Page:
The Saudi-Kuwait Neutral Zone, also known as the Neutral Zone, is an area containing an estimated 5 billion barrels of total proved oil reserves that are divided equally between the two countries. Before 2015, it was a very stable oil supplier contributing in the region of 500-600KBD. The official explanation behind the shutdown of Neutral Zone production was "environmental reasons." In fact, it was a dispute between Saudi Arabia and Kuwait. Kuwait has been a major obstacle in restarting the production, but the latest comments by the Kuwaiti oil minister should be very supportive for the production to resume soon.
Saudi Arabia and Kuwait's view on restart of Neutral Zone
Saudi Arabia and Kuwait have both said that any increase in Neutral Zone production will not increase their overall production during the ongoing OPEC production cuts. This means that Saudi Arabia and Kuwait both must cut production from their existing fields. For Saudi Arabia, this is an easy task, as Neutral Zone is only 3% of their current production of 10MMBD. For Kuwait, this will be harder. To accommodate their share of Neutral Zone production, they would have to cut 10% of their existing 3MMBD production.
Saudi Arabia's cash burn is still occurring at a strong pace and showing no signs of slowing down. They need the extra crude oil exports to slow their cash burn rate. In addition, if Saudi Arabia gets tired of Russia's lack of commitment with their production cuts or with increased Iraq and Iranian production, they have the threat of increased Neutral Zone production. If they really want to increase production, Saudi Arabia and Kuwait can easily exempt Neutral Zone from production cuts on the same grounds on missed production over the last couple of years just like Libya and Nigeria's exemption from production cuts.
Chevron (NYSE:CVX) is the third player in the Neutral Zone situation, as they help Saudi Arabia with the production. In fact, it was Chevron that caused the rift between Saudi Arabia and Kuwait. This is because Chevron is the only international oil company to have oil concessions to produce oil in Saudi Arabia and Kuwait. When Saudi Arabia decided to extend Chevron's license until the year 2039 without informing Kuwait, Kuwait stopped issuing and renewing visas for Chevron's foreign employees.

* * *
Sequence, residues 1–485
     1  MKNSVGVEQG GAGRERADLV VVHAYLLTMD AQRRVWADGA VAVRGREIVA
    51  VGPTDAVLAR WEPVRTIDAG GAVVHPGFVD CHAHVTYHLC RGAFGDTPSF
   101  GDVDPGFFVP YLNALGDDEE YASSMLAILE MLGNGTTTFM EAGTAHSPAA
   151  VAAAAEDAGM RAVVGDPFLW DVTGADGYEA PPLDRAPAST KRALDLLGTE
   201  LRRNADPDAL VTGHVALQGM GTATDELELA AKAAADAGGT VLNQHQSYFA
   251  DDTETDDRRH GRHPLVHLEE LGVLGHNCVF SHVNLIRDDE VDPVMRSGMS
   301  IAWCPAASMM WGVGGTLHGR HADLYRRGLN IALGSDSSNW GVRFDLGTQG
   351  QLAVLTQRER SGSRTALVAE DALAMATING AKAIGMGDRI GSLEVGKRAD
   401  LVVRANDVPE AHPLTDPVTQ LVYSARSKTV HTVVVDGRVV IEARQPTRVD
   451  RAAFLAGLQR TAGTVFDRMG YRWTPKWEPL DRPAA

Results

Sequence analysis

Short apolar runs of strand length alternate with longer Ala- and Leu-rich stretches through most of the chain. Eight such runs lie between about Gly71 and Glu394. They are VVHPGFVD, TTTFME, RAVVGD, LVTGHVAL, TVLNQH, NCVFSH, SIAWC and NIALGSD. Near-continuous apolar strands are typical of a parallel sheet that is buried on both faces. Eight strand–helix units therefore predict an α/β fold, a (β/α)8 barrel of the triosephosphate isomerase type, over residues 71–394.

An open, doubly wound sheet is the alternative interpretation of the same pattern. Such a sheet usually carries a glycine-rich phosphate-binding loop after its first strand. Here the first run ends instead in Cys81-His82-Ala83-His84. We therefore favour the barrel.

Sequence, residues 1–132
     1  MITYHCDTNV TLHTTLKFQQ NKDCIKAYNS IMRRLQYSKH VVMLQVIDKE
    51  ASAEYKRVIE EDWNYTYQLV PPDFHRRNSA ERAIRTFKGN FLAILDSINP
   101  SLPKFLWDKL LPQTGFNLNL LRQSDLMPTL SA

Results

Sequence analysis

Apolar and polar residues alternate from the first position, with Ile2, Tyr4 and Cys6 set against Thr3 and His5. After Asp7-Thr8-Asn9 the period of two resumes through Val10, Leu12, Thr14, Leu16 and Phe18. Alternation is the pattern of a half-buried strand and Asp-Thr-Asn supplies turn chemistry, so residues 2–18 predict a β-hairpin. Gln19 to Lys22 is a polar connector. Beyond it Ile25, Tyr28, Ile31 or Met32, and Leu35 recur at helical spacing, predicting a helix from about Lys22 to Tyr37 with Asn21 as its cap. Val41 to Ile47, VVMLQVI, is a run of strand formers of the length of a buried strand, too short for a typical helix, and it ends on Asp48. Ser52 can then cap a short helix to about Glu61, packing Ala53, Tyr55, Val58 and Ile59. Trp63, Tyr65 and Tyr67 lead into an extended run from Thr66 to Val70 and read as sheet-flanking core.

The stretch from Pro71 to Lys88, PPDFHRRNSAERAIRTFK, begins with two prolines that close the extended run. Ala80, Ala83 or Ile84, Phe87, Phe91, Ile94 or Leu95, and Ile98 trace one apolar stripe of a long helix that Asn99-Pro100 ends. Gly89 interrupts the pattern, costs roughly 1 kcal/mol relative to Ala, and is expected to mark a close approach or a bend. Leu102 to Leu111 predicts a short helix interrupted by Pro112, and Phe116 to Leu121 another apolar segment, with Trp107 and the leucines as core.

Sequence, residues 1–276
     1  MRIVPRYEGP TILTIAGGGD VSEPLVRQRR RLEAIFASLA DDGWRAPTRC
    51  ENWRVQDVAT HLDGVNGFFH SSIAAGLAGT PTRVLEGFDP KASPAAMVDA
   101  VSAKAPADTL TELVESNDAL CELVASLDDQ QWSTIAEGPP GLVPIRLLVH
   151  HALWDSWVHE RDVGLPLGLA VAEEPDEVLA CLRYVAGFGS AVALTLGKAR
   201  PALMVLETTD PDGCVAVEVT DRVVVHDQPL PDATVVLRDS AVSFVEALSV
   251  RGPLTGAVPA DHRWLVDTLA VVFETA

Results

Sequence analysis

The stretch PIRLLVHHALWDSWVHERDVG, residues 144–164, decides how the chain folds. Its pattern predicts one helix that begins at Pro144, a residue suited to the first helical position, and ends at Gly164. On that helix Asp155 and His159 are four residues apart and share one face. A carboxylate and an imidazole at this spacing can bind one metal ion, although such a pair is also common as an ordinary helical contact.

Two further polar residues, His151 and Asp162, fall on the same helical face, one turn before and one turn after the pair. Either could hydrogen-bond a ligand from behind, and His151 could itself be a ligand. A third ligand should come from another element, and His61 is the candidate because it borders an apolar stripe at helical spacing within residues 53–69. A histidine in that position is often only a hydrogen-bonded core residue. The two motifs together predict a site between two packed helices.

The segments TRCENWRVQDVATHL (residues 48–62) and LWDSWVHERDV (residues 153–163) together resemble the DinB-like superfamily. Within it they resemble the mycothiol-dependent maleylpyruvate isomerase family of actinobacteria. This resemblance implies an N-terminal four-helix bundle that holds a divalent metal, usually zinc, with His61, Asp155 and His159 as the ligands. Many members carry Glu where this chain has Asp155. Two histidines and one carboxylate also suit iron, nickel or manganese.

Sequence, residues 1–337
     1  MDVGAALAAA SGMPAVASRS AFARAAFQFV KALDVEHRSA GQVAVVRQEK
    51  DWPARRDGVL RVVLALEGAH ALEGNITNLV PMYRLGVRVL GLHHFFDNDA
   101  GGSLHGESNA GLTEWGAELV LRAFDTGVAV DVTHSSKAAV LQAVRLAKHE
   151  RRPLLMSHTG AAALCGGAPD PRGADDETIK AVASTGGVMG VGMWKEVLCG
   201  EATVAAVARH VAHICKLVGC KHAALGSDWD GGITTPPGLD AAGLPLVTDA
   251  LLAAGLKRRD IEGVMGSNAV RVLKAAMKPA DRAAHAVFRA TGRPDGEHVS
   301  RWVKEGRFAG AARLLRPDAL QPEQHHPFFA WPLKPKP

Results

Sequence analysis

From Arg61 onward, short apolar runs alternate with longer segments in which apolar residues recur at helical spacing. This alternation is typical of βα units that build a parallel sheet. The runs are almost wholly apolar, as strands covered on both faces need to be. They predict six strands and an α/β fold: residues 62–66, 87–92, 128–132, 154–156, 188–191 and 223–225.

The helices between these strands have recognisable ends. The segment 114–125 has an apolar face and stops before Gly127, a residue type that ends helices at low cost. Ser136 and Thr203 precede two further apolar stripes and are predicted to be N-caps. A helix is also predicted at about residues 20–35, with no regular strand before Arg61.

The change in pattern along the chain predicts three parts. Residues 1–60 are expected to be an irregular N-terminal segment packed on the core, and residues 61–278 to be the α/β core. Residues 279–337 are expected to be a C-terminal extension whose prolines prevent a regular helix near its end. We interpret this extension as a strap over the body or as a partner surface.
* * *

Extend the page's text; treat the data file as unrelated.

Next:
For Chevron, the restart of Neutral Zone production is very important. In a low oil price environment, this production will provide them with one of the lowest cost barrels. Assets like these can help Chevron sustain their all-important dividend. Chevron's Q1 earnings call on April 28 might provide some updated information on when they are expected to restart production. The latest comments from CEO John Watson provided a very vague timeline to restart but he also highlighted the importance of this asset to the company:
We think those are high margin barrels when they come online. I mean if you look at the work during this time and we've been down there, our people have taken the time to dramatically reduce costs and they have taken a close look at the reservoir and we've got a queue of base business activity that is very high return, it will compete with the best we've got in the world and it's very economic.
So I think the Kuwaitis understand that. And I think there's a desire to move it back to get it back on production but look this is - these are issues between governments, I'm not going to give you a forecast of when that might be resolved.
Neutral Zone Production
Before the issues in 2015, Neutral Zone production was a very stable supplier to the oil markets in the region of 500-600KBD. Due to current reduced Libyan production, the restart of Neutral Zone production back to historic levels would mean another Libya entering the market.
Even if Saudi Arabia and Kuwait are to be believed on increased Neutral Zone production not affecting the current OPEC cuts, these incremental barrels will eventually enter the market. They could be as soon as June if the May OPEC cuts extension are not agreed. Or they could be in early 2018 when the OPEC extension cuts have completed the expected 12 months. This increased production will be the size of roughly another Libya (at current production levels) which will put pressure on current OPEC measures on trying to reduce the global crude inventory overhang.
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